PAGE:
From: Gregory S. MacKay, Senior Vice President & Chief Economist
While the players are formulating strategy for the great debate over the debt ceiling, and various other tax credits/incentives/increases, we’ll take a breather and look at some of the data from the past couple of weeks.
The biggest headline grabber was last week’s release of the FOMC minutes of the December meeting. Participants continued to predict a moderately improving economy, with slightly better hopes for GDP growth in 2013 and beyond. The central belief was for a 3.4%-3.5% real growth rate by 2015. Unemployment projections were slightly better for 2013–2015, but with a central belief that the rate could still be 6%–6.5% in 2015. PCE inflation expectations continue to fall, with a 1.9%-2% range most likely by 2015. Participants continue to express concern over U.S. fiscal policy (the meeting was held December 11-12, 2012), and the situation in Europe. While agreeing to continue the $85 billion per month purchase of securities, there was some serious discussion (for the first time) over the length of the program. Members were divided into three camps: securities purchases ending before the end of 2013, securities purchases ending “at about” year end 2013, and securities purchases continuing without a specific total or time frame. The statement released after the meeting only verified that both asset purchases and low federal funds rates would continue “until labor markets improve in a context of price stability”. So the message hasn’t changed, but the full minutes of the session show the concern of several FOMC members over the longer term effects of such long term easing. That was enough to drive bond markets lower, as some traders saw rate tightening on the horizon.
Employment numbers for December remained mildly encouraging. There was a gain of 155,000 jobs in December, about an average monthly gain in 2012. The unemployment rate remained at 7.8%. Job growth picked up the pace in construction, manufacturing, and health care, while slowing in retail, transportation, information, temporary help, and government. Weekly hours worked were virtually unchanged for 2012. Average weekly earnings as reported by the Bureau of Labor Statistics rose 2.4% to $818.69. This increase was more than most measures of inflation, but not a robust improvement. So job growth and income continued to slowly improve throughout 2012.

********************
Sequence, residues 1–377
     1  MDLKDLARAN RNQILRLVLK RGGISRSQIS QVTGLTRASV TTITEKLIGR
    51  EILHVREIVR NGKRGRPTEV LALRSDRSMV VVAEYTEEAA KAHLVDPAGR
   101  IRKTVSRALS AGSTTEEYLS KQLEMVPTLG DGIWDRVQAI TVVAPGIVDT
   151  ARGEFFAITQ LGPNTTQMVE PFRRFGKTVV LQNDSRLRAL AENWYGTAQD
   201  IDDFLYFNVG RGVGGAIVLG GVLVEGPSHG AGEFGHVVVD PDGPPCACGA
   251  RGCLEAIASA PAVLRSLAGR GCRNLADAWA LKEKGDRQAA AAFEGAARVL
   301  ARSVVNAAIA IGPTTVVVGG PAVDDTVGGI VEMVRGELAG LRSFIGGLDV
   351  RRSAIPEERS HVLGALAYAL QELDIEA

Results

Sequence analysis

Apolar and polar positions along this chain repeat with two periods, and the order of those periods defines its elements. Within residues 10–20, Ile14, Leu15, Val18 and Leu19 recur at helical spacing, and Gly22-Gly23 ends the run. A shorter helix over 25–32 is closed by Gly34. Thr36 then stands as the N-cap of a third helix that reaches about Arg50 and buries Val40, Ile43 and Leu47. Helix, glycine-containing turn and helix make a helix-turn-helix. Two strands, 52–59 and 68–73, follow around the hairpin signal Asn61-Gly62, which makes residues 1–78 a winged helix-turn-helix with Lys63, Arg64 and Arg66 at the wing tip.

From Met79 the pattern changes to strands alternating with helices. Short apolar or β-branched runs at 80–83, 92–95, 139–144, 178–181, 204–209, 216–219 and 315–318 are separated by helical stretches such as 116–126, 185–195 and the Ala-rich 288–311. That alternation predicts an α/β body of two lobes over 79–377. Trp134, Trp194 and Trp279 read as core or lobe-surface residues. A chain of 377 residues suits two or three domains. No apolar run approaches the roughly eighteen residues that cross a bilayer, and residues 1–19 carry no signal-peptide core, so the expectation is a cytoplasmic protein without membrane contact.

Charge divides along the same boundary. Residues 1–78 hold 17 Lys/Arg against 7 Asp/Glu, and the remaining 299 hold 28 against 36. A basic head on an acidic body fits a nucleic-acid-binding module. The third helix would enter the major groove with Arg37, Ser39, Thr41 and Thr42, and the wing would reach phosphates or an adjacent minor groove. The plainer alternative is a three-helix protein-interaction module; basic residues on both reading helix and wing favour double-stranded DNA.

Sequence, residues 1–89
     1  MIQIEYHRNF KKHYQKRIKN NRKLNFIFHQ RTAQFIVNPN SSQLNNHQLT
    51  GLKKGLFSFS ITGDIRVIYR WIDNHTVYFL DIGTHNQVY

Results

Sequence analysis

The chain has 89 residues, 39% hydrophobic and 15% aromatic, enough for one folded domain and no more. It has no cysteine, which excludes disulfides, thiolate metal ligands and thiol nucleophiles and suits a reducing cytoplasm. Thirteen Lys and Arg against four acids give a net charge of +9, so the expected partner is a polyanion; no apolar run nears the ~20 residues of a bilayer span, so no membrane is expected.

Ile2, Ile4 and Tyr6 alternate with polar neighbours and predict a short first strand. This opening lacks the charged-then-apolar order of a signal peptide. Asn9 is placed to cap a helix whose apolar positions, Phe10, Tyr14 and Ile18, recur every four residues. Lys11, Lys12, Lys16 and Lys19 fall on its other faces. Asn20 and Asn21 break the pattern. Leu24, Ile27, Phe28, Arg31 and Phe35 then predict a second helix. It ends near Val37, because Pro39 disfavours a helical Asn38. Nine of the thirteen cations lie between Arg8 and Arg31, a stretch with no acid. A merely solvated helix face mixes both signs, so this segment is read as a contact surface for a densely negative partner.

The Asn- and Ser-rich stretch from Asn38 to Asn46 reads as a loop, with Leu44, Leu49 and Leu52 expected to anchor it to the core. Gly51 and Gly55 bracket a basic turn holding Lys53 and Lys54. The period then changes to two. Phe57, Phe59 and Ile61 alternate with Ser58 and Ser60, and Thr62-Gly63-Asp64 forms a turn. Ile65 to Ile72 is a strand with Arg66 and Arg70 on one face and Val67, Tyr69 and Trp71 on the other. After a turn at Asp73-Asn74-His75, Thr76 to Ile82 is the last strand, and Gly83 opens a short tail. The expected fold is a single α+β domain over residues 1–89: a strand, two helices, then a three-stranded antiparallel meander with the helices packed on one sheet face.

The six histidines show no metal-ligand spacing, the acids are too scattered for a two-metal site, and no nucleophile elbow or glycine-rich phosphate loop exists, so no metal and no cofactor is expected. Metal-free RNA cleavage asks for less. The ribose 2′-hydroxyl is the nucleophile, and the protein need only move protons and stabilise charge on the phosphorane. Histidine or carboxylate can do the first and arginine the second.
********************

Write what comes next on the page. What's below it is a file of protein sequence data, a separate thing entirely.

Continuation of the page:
Early holiday shopping reports remain mixed, and we’ll get a look at December retail sales next week. However, consumers seemed to step a little more lively in November, as consumer credit rose a very healthy 7%. Credit card usage remains volatile, with every month bringing a change in direction (September -3.1%, October +4.8%, November +1.1%). Auto, boat, vacation, and educational loans were the all-stars in November, increasing 9.6% ($183 billion annualized) as consumers went on a big ticket buying spree.
Stock prices were slightly higher this week. Fourth quarter 2012 earnings reports began to drift in, and the general feeling of a disaster averted in the “fiscal cliff” negotiations continues to buoy the markets. At 2:50 p.m., for the week and year:
Bond prices firmed this week after last week’s shudder at the Fed minutes, and are trading through early December levels. Bonds remain very expensive.